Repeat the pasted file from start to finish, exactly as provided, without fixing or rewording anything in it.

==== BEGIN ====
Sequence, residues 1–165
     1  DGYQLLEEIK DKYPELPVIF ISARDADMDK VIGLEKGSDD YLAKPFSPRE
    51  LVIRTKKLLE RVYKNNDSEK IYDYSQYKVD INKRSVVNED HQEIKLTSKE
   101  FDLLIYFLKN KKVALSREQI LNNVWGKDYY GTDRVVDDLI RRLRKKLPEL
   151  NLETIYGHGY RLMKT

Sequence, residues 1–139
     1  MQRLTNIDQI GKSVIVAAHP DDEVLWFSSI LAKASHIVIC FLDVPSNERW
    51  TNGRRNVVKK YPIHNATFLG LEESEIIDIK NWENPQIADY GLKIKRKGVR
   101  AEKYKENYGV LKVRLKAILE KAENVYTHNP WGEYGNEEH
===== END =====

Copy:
Sequence, residues 1–165
     1  DGYQLLEEIK DKYPELPVIF ISARDADMDK VIGLEKGSDD YLAKPFSPRE
    51  LVIRTKKLLE RVYKNNDSEK IYDYSQYKVD INKRSVVNED HQEIKLTSKE
   101  FDLLIYFLKN KKVALSREQI LNNVWGKDYY GTDRVVDDLI RRLRKKLPEL
   151  NLETIYGHGY RLMKT

Sequence, residues 1–139
     1  MQRLTNIDQI GKSVIVAAHP DDEVLWFSSI LAKASHIVIC FLDVPSNERW
    51  TNGRRNVVKK YPIHNATFLG LEESEIIDIK NWENPQIADY GLKIKRKGVR
   101  AEKYKENYGV LKVRLKAILE KAENVYTHNP WGEYGNEEH